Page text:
Sources familiar with WhatsApp’s internal investigation into the breach said a “significant” portion of the known victims are high-profile government and military officials spread across at least 20 countries on five continents.
The hacking of a wider group of top government officials’ smartphones than previously reported suggests the WhatsApp cyber intrusion could have broad political and diplomatic consequences.
WhatsApp filed a lawsuit on Tuesday against Israeli hacking tool developer NSO Group. The Facebook-owned software giant alleges that NSO Group built and sold a hacking platform that exploited a flaw in WhatsApp-owned servers to help clients hack into the cellphones of at least 1,400 users.
While it is not clear who used the software to hack officials’ phones, NSO says it sells its spyware exclusively to government customers.
Some victims are in the United States, United Arab Emirates, Bahrain, Mexico, Pakistan and India, said people familiar with the investigation. Reuters could not verify whether victims from these countries included government officials.
The revelation comes as more than a dozen Indian journalists and human rights activists said on Thursday they were also targeted.
NSO did not immediately respond to a request for comment. Previously it has denied any wrongdoing, saying its products are only meant to help governments catch terrorists and criminals.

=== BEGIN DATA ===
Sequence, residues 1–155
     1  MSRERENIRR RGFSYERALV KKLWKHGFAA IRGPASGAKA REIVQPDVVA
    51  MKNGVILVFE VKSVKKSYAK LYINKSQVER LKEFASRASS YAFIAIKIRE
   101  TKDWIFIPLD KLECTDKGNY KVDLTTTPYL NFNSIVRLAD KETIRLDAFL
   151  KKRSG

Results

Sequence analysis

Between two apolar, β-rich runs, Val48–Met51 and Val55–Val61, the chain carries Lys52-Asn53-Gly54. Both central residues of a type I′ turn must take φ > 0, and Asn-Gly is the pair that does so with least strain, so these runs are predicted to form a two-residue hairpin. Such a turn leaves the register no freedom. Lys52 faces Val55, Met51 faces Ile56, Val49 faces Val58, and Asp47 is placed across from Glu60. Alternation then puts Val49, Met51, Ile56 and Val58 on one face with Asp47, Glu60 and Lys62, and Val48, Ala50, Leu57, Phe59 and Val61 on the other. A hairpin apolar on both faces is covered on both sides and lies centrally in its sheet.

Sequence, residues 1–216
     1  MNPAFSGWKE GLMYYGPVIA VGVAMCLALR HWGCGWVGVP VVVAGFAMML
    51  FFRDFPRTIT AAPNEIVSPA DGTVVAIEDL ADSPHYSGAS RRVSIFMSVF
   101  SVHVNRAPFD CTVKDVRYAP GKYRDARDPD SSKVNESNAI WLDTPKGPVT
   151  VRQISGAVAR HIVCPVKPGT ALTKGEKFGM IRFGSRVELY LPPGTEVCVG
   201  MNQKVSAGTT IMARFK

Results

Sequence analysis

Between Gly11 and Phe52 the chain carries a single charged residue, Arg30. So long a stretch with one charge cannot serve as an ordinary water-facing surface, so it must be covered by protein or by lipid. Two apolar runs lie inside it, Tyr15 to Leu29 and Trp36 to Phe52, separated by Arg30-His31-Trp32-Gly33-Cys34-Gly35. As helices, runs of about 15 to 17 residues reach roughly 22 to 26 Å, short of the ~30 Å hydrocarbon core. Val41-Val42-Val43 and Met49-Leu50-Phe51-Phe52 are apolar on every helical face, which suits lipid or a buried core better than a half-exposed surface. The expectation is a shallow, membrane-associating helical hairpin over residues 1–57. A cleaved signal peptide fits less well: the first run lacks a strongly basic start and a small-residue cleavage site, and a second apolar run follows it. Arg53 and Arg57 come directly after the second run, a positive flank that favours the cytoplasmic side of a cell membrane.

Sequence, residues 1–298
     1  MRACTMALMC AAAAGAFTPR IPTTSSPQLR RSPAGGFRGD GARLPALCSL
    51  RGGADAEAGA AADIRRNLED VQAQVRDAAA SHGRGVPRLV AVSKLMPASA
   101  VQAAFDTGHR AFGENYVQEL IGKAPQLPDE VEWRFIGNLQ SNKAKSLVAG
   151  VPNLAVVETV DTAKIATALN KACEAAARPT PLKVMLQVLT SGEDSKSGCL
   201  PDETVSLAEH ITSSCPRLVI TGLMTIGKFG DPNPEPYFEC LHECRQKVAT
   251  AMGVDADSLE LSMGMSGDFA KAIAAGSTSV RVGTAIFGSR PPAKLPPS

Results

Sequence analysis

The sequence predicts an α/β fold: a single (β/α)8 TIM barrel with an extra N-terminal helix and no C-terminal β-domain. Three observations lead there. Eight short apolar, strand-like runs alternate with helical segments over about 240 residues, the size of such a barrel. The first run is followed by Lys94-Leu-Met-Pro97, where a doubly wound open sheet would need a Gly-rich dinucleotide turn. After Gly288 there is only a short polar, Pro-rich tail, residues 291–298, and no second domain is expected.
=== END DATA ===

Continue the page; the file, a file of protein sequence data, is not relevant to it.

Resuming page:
Over the last several years, cybersecurity researchers have found NSO products used against a wide range of targets, including protesters in countries under authoritarian rule. The use of these tools to target high-profile politicians, however, is less understood.
An independent research group working with WhatsApp, named CitizenLab, said at least 100 of the victims are journalists and dissidents, not criminals.
WhatsApp has said it sent warning notifications to affected users earlier this week.
“It is an open secret that many technologies branded for law enforcement investigations are used for state-on-state and political espionage,” said John Scott-Railton, a senior researcher with CitizenLab.
Prior to notifying victims, WhatsApp checked the target list against existing law enforcement requests for information relating to criminal investigations, such as terrorism or child exploitation cases. But the company found no overlap, said a person familiar with the matter. Governments can submit such requests for information to WhatsApp through an online portal the company maintains.
WhatsApp did not identify the clients of NSO Group, who ultimately chose the targets.
Reporting by Christopher Bing and Raphael Satter; Editing by Chris Sanders and Lisa Shumaker
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